In 1984, at an autocross, I took a friend’s non-Si CRX for the first time, says legendary Honda racer Peter Cunningham. It was excellent. It possessed excellent balance, handling, and power-to-weight ratio. So, on June 28, 1986, I signed a four-year lease on a CRX Si. Additionally, I used it to tow my other race vehicle when I wasn’t using it for racing.
The first publication of this tale was in Road & Track Volume 12.
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The majority of brand-new cars in the early 1980s featured carburetors. The Mondial and 308 were the only Ferraris the factory exported to America in 1980; both were powered by a 3.0-liter, 205-horsepower carbureted V-8. Through 1983, the Toyota Corolla had a solid axle and was rear-wheel drive. The 1981 Ford Mustang’s sole V-8 was a 4.2-liter unit with 115 horsepower, and Chevrolet continued to sell the antiquated Chevette up until 1987. Die Deutschen? VW’s GTI didn’t arrive in this country until 1984, and a mid-size Mercedes-Benz (the now-loved W123) could only be purchased with a diesel engine from 1982 to 1985. The two-seat CRX Si had the appearance of a half-hard-boiled egg, never achieved extraordinary performance levels, and didn’t sell in vast numbers, yet it was the forerunner of all that was to be good.
This 1985 specimen is a true museum piece. In Santa Barbara, California, American Honda handed it to us so that we might reflect on the foresight of what is now a time capsule. It’s perhaps the best preserved first-year CRX Si out there. It has a scary stock and has just over 10,000 miles on the odometer. Aluminum wheels measuring 13 inches and inexpensive P175/70R-13 tires. No broken suspension parts or silly Maxwell House exhaust tip. a 37-year-old survivor who has navigated difficult mods.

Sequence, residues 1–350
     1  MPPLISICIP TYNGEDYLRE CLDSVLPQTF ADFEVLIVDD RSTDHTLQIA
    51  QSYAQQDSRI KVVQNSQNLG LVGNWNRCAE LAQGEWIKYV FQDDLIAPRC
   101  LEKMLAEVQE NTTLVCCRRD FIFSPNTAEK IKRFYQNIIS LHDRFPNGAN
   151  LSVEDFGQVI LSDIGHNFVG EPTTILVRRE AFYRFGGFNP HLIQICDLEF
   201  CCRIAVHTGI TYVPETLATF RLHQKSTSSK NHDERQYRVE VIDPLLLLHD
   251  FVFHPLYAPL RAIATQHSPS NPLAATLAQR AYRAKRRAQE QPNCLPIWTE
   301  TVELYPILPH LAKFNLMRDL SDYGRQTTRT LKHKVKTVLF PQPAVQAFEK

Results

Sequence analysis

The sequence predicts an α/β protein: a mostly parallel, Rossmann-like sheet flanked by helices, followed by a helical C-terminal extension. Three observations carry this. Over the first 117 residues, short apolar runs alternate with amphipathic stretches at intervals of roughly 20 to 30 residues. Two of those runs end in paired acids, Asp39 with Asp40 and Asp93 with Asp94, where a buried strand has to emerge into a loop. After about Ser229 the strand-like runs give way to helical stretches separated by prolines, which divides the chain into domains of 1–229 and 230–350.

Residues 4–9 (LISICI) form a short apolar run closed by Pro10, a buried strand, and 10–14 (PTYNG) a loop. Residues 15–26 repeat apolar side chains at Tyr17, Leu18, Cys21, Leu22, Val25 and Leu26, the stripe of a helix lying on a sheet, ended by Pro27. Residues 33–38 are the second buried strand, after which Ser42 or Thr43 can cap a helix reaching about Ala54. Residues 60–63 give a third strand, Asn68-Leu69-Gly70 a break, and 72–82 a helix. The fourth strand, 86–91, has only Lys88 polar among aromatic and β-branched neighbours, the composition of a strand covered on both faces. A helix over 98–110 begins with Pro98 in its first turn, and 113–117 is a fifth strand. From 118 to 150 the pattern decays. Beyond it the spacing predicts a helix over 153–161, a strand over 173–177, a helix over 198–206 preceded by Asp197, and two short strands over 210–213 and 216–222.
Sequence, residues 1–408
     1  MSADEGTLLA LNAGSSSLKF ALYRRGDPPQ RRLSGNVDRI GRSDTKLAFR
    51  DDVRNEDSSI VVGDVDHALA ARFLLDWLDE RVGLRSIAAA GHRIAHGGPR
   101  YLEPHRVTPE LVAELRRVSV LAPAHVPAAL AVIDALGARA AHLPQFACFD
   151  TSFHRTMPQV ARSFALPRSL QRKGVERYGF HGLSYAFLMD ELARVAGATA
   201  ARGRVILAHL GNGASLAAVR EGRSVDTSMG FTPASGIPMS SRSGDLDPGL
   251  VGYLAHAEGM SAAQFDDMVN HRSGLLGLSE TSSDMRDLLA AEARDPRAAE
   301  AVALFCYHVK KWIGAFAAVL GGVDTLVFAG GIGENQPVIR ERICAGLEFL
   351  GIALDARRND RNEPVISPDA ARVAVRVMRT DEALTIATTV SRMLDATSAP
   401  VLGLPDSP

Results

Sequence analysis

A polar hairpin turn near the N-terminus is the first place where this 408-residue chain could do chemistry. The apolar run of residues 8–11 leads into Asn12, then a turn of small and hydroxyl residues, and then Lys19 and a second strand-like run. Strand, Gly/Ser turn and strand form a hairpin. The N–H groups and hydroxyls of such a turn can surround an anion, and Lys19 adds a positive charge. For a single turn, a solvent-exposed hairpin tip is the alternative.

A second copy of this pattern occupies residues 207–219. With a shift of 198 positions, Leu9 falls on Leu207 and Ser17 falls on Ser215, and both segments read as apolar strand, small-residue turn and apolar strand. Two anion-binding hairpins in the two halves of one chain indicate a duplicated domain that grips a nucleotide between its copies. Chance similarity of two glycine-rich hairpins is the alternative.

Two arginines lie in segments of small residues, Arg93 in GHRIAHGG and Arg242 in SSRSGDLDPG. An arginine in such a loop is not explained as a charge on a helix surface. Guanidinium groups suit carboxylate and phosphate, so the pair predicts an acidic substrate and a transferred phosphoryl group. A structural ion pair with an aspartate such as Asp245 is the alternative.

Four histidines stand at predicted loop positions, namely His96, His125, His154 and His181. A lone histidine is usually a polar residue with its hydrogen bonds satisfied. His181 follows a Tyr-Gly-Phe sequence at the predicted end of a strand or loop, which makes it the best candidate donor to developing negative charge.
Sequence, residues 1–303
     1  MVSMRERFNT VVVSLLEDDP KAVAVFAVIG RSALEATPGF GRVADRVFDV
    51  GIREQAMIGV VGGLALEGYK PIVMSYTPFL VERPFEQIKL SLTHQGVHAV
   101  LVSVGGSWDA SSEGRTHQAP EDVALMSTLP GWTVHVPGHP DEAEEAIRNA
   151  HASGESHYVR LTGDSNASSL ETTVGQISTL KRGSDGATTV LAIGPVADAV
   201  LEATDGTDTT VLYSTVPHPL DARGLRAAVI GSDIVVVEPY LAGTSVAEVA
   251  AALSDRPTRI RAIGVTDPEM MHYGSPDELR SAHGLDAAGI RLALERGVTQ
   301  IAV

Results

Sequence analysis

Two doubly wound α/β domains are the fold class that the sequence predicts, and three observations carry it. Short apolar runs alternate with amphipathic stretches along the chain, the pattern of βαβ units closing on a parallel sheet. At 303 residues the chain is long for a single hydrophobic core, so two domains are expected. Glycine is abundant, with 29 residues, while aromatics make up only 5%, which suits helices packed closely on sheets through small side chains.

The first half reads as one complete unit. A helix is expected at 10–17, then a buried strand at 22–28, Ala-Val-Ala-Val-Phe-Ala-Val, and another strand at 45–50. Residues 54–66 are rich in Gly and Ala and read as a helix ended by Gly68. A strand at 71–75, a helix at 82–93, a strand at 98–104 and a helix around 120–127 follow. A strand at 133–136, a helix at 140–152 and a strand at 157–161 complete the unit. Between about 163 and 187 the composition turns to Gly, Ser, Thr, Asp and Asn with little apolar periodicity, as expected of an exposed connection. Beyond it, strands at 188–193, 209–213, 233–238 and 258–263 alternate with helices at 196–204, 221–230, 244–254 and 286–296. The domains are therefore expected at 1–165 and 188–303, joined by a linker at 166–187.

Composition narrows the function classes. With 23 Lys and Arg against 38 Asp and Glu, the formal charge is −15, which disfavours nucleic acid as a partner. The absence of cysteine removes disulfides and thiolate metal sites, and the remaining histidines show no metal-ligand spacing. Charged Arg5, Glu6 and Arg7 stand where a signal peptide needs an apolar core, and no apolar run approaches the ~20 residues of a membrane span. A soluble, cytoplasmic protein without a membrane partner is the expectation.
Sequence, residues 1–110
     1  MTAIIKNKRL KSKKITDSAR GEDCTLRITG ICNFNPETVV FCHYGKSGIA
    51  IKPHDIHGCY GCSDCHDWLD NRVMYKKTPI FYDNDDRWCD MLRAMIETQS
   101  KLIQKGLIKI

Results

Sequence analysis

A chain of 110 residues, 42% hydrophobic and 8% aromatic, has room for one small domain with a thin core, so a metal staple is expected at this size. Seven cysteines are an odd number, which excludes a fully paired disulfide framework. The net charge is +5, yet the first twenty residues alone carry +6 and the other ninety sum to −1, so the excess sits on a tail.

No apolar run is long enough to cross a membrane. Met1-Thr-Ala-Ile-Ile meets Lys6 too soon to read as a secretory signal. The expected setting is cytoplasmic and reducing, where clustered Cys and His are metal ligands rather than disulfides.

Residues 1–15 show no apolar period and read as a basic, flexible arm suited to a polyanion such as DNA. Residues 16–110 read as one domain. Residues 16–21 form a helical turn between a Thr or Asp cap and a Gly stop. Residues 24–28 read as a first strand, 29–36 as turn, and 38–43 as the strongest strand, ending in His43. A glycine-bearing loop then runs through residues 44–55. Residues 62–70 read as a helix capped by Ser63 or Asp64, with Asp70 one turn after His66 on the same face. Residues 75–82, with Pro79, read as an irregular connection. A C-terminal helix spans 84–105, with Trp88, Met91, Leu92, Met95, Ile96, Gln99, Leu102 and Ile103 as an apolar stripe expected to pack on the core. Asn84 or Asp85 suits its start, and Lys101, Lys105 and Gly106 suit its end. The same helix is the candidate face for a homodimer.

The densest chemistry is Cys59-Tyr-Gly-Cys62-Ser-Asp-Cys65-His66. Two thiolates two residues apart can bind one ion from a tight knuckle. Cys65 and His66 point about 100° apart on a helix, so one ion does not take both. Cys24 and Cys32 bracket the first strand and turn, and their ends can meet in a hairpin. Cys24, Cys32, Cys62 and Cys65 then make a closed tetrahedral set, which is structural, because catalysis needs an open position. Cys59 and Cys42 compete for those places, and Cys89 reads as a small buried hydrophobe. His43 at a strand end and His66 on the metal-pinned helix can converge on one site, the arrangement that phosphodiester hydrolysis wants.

The fuel-injection technology was what made the difference between the Si and the lower-end CRX models, despite some redecorating (such as a trick sunroof that slid back onto the roof).
For the Si, Honda created its own own tuned-runner intake manifold and electronic fuel injection system. The CX500 and CX650 Turbo two-cylinder motorcycles from Honda were the first to include Honda’s Programmed Fuel Injection (PGM-FI), whose accurate fuel metering improved the turbo installation for driving manners. With the aid of advanced piezoelectric sensors and some computer logic, it increased the 1.5-liter SOHC 12-valve four-cylinder engine’s output from 74 horsepower with a carburetor to 91 horsepower. These little figures add up to an increase in productivity of 23%. Injection was cutting-edge technology for a vehicle as inexpensive as the CRX Si ($7999 to start, or roughly $22,000 in today’s money).
However, “little” is relative; that cost was about $1000 more than the standard CRX with a carburetor.
The word “little” is also an absolute. As you get closer, the CRX appears absurdly little. Three of the five wheelbases that Ford offers for the 2022 F-150 are longer than the whole length of the CRX. The 2022 Civic Si sedan with summer tires weights 1121 pounds more than the 2018 CRX Si, which weighs 1840 pounds. It would take four Aaron Donalds and a pound of jerky to fit the min through the hatch.